1

SFML has a few good functions that allows you to do what you want a bit simpler window.mapPixelToCoords(sf::Mouse::getPosition(window), viewRect); That line of code will convert the mouse position relative to the window (sf::Vector2i), to a world coordinate (sf::Vector2f). I have the window as an argument there, or else it will get the mousePos relative ...


2

First off, you should really store the tiles in a 2d array. As far as I can tell from documentation, sf::View has a getViewport() method. This method gives the coordinates of the top-left point of your view. Next you will need the coordinate of the mouse, in relation to the top-left of your window. Finally, you add the two coordinates together, and you'll ...


2

Figure out your mouse position in world space and divide by the tile size. Basically keep track of where your upper left corner is in world space, add the mouse position to that (with appropriate scaling etc.) and then divide it by your tilesize.


2

One issue with your implementation is that you only check if det is smaller kEpsilon, but there is no guarantee that det is positive. You want to check if(det<kEpsilon && det>-kEpsilon) So that might explain the false positives. The way this algorithm works is by basically figuring out "when" the ray will hit the triangles plane and then ...


0

The issue turned out to be a problem with the way Wayland works. My install of Gnome was defaulting to Wayland, instead of x, and Wayland doesn't do a good job of capturing the cursor within a window.


1

A standard parametric ray equation is r(t) = p + td. The origin point is p and d is the ray direction. So, that algorithm gives you t and you know p and d already. Therefore you can compute ray (or vector) r(t), and then take its magnitude |r(t)| to obtain the distance to triangle (intersection). PS. You may need to normalize your direction vector d first. ...


0

If your biggest problem is with the Systems, switch from hand-written nodes to tuples. Then you can make some function and class templates to handle most of the work. template <typename ...ComponentTypes> class AbstractSystem { using Node = tuple<weak_ptr<ComponentTypes>...>; /* bunch of template boilerplate */ }; Though I really ...


0

Well, to me the description is a bit vague, but sounds like the main problem is with the entities/components logistics within your systems? If so, then why not just upgrade the way you build your systems? These upgrades could come in flavor of abstraction and encapsulation, where the base system class has a set of abstracted pointer-keepers, which ...


-1

This is a very broad question. I'm assuming you have seen the answer from Kieran Chandler about platform abstraction. You've mentioned the SDL Library that you want to use. I've used it myself for such a OpenGL cross-platform project. The library provides most of the platform abstraction. Use its functions for all input and output, like accessing files, ...


1

It's unclear where your issue lies. To rotate a vector about the origin, you create a rotation matrix, and then you multiply the vertex by the matrix. In order to create the rotation matrix, you need a rotation axis and an angle. With glm, you can do it this way: glm::vec3 v3RotAxis( 0.0f, 0.0f, 1.0f ); // Rotate about z+ float angleRad = ...


2

To be physical, you need to calculate friction based on the magnitude of your velocity. You can simply remove the if checks when calculating friction and store a "friction constant" instead of a "friction force." You are already essentially doing this because m_fFriction is a double and not a vector, you are just thinking about it wrong. The friction ...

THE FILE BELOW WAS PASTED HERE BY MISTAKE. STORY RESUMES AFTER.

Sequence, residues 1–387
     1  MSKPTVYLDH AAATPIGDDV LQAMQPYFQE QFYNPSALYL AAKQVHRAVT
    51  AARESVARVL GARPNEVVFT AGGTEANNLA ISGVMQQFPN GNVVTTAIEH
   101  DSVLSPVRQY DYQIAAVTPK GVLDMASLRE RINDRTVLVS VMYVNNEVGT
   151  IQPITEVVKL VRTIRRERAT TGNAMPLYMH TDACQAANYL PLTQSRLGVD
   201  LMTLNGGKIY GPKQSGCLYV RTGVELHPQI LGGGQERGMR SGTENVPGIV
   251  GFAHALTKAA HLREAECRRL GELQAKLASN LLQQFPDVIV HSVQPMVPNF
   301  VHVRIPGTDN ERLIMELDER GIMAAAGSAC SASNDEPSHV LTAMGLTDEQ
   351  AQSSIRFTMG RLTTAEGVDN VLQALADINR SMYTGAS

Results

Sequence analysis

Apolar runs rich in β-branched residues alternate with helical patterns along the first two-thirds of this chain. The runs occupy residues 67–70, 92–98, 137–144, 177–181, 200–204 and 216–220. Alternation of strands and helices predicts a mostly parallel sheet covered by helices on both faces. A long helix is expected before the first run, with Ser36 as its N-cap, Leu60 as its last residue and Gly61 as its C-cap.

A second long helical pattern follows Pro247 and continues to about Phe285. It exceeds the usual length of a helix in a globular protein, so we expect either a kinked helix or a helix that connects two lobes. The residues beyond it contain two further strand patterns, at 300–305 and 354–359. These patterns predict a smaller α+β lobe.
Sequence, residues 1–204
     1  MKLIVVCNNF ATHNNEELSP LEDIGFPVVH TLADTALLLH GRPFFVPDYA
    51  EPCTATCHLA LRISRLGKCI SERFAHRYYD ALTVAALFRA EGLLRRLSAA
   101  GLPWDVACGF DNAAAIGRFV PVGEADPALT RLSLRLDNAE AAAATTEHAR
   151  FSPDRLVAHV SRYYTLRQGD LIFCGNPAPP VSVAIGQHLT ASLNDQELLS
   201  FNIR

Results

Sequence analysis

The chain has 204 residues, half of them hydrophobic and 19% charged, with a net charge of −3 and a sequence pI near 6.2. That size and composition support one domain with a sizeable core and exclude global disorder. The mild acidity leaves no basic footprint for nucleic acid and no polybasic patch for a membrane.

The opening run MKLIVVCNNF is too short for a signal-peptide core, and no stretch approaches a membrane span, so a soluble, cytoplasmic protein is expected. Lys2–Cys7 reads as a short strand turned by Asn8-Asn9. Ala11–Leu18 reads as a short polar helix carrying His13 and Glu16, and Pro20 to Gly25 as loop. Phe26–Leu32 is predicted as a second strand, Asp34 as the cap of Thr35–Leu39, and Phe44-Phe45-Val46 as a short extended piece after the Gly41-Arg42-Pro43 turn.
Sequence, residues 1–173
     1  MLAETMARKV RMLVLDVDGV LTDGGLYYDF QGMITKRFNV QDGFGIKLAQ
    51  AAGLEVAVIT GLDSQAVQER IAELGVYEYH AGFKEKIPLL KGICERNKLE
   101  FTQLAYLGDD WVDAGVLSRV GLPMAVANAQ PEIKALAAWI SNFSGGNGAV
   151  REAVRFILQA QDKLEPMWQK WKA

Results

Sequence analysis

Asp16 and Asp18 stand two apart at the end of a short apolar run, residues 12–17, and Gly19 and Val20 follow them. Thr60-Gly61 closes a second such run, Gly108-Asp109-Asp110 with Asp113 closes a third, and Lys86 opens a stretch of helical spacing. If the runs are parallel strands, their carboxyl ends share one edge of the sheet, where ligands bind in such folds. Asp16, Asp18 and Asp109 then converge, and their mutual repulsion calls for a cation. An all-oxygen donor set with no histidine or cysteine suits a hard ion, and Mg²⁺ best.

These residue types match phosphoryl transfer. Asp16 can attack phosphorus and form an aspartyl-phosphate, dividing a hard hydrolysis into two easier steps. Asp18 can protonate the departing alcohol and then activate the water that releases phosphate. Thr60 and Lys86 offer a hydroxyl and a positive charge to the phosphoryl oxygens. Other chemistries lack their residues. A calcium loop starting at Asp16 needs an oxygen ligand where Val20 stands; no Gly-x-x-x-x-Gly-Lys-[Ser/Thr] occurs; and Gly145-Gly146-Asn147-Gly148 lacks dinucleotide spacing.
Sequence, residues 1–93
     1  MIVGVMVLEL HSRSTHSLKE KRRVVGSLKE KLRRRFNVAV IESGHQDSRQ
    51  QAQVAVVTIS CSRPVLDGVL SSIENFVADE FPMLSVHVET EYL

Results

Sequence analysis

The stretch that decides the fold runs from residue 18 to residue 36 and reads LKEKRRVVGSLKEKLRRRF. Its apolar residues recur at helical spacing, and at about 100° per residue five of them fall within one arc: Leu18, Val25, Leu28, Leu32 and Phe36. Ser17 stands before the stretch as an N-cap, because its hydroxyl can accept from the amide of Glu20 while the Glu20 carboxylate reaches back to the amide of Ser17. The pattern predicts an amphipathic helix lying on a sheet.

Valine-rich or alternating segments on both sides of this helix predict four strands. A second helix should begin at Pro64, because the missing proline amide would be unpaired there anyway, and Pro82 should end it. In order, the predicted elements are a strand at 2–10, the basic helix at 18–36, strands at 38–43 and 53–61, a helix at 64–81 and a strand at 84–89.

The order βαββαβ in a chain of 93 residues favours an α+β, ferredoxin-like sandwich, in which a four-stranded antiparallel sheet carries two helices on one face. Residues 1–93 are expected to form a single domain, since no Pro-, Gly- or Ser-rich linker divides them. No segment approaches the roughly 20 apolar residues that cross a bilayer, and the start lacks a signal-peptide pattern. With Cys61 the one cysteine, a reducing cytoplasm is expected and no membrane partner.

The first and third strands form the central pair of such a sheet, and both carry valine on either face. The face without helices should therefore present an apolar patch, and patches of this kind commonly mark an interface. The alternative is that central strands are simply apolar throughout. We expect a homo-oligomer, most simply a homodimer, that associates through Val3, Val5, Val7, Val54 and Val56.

0

Found the issue with my program, the algorithm was mostly right, I just had to modify my if statements when taking things on and off the closelist to include the the if statement whether it was smaller than the previous route, since we only want to take things off the close list if a better route has been found. A secondary issue popped up when I realized I ...


-1

It doesn't sound like you are ready to take on a large task like this. You need to learn about the underlying concepts and make some smaller projects before you can really move on to making a cross-platform game. The main point to make about cross-platform games is that you need to have a "Platform Abstraction Layer" which will allow your game to perform ...


3

You get the error because there is no operator*= for vec4 that takes a matrix as a parameter. It then tries to convert the matrix to a float, but just can't. To work around this, you should try to not use the operator*= and write it all in the long form: Off = Off * Util::createTransform(offset); Also, as pointed out in the comments to the OP, what you ...


0

It looks like you're using acceleration in a weird way in your engine, so I can't give you a 100% fool-proof answer you can directly implement into your code, but I can take a shot at it. You'd want to apply your friction to your current speed, not your characters acceleration. Try to change your code to this instead: if( curVel.x > 0.0f ) curVel.x ...


1

I don't want to replicate Steven's answer, but I want to include images. The correct answer is to use OnActorBeginOverlap, as you were marked to. If you are not receiving the correct triggering dispatch, it's almost sure that you don't have the correct layering configuration. You can do that using the Collision subpanel in the Details panel of your object ...


2

Your problem is this line: roomSprites[x]->setPosition(sf::Vector2f(x * 32, y * 32)); What do you think will happen in the second row? x will start at 0 again and you'll set the position of the first 10 sprites. In the third row, x will start at 0 again and you'll set the position of the first 10 sprites. See where this will end? You either have to ...


0

I finally found a solution, on this page: http://gamedevelopment.tutsplus.com/tutorials/how-to-create-a-custom-2d-physics-engine-the-basics-and-impulse-resolution--gamedev-6331 This completely elimenated both the sinking and the jitter.


0

You need to detect when the object has come to "rest" and turn off the physics (gravity included) on it until some force gets applied to it again. You'll have to pick a threshold of "rest" that's larger than most cases of vibration but small enough to let objects bounce a few times and slide a bit. How to do this exactly depends on the physics engine and ...


0

The problem is that in the constructor of your "MyCustomActor" you need to assign a RootComponent that is a SceneComponent. Typically you will see something like a ShapeComponent (SphereComponent, CylinderComponent, etc.). Then in the constructor, once you have a RootComponent defined in the actor, you need to attach the RootComponent to all other ...


2

It is likely that you have corrupted the underlying storage of your map object and the VC++ debug runtime has protection code that tests if the data structure and iterators are in a valid state to avoid more damage. Clobbering memory and other undefined behaviour can result in all sorts of amusing results. When in doubt about the semantics of something, ...